- Paperback: 104 pages
- Publisher: Conciliar Press (March 1, 2003)
- Language: English
- ISBN-10: 1888212640
- ISBN-13: 978-1888212648
- Product Dimensions: 5.5 x 0.2 x 8.5 inches
- Shipping Weight: 4.2 ounces (View shipping rates and policies)
- Average Customer Review: 6 customer reviews
- Amazon Best Sellers Rank: #299,491 in Books (See Top 100 in Books)
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A Beginner's Guide to Prayer: The Orthodox Way to Draw Closer to God Paperback – March 1, 2003
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About the Author
Fr. Michael Keiser is a popular speaker and author on the subject of spirituality. An Orthodox priest, he works with the Department of Missions and Evangelism on the Antiochian Orthodox Archdiocese of North America. He is the author of For Those Who Hurt, an Orthodox Perspective on Suffering.
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In the two longest chapters, Mr. Keiser deals with something we all struggle with when praying: distractions and demons. Distractions so far are the problem I have the most when praying. I might be encountering demons. I am unsure on that one, and don't want to speculate one way or the other. But these are two things that we all struggle with and must be aware of and fighting against in order to pray more effectively. He also reminds us not to get too cocky in our prayer life, as that is a sure fire way to slip up and fall.
Overall, I would give this book 5 out of 5 stars as it was a highly beneficial book to me, even though I am not Orthodox Christian. The language is clear. The message is solid. And it is just the right length for beginners, though you can still get something out of it if you are an intermediate or advance prayer.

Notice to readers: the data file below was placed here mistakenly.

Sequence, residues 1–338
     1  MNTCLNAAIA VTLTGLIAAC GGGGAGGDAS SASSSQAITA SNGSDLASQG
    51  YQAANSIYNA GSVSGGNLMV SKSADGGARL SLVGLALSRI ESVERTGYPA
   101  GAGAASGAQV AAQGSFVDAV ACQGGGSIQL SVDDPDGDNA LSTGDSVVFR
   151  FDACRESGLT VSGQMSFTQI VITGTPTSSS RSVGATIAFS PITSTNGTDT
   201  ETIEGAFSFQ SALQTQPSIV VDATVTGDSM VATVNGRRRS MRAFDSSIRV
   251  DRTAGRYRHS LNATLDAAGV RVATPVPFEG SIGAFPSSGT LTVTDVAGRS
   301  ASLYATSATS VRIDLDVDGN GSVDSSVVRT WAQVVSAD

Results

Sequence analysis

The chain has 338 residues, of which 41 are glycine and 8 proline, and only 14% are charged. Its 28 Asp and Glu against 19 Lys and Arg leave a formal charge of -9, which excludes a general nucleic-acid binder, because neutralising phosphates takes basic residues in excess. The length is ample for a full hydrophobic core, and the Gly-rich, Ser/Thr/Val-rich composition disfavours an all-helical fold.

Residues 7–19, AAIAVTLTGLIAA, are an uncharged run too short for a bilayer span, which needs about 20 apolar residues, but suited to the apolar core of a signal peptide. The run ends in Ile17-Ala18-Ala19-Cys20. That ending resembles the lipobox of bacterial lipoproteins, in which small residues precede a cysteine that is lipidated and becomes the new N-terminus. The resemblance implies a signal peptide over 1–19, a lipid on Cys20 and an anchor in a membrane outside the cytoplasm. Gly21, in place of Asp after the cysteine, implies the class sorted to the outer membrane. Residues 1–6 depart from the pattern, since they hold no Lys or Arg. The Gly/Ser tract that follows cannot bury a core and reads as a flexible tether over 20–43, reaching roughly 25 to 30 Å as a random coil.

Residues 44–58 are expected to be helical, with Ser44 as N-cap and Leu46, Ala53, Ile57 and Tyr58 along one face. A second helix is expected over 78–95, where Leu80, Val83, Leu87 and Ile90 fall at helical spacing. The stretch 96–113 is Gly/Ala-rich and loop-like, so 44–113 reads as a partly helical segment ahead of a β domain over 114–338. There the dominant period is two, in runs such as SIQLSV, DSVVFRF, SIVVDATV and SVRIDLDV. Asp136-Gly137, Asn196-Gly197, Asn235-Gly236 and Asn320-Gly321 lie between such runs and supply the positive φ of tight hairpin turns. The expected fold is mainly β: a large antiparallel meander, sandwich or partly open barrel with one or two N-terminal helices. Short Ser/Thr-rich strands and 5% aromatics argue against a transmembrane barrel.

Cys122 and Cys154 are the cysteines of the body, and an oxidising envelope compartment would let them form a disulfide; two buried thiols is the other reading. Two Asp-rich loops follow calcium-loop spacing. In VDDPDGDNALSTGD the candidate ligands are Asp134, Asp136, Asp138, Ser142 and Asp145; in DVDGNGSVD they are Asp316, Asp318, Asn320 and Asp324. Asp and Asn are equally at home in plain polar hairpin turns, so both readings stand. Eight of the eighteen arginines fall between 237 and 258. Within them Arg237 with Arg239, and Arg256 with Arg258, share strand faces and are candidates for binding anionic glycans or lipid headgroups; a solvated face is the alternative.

The Orthodox way is a different approach from either Porotestants or Catholics, the two Christian traditions we are most familiar with in the west. As Archpriest Father George Sondergaard once told a class of Catechumens, "You Protestants and Catholics think everying is either-or; sometimes it's both!"
Thus it is with prayer-- the Orthodox way espoused herein by Father Michael introduces the reader to the concept and importance of having both formalized and personal prayer, that we may include ACTS--Adoration, Contrition, Thanks, AND Supplication in our prayer lives, rather than just asking favors of the all-holy Trinity.
Since the last great Church father, St. Symeon the New Theologian stressed the importance of a personal prayer life in addition to ritual prayer, it has been a vital component of Orthodoxy.
Protestants may balk at some of what Orthodox pray, for they pray for the dead, pray to Saints, and ask the Blessed Mary for intercessions. Yet, did not Mary intercede (successfully) to get her Son to change His mind at Canae? Do you not believe that virtuous men and women who have gone on before are alive in Christ and just as capable of praying for you as the car mechanic or office clerk you wouldn't hesitate to ask to pray for you? Don't you think that the Godhead exists in an eternal NOW where all is always unfolding and that thus you can pray effectively for those who have departed mortal life because their lives are yet unfolding before God?
This is the Orthodox way. And this book is a great place to start learning all about it. Not the sort of reading a monastic or cleric would benefit from, but certainly a great book for cradle Orthodox, Catechumens, converts and the curious.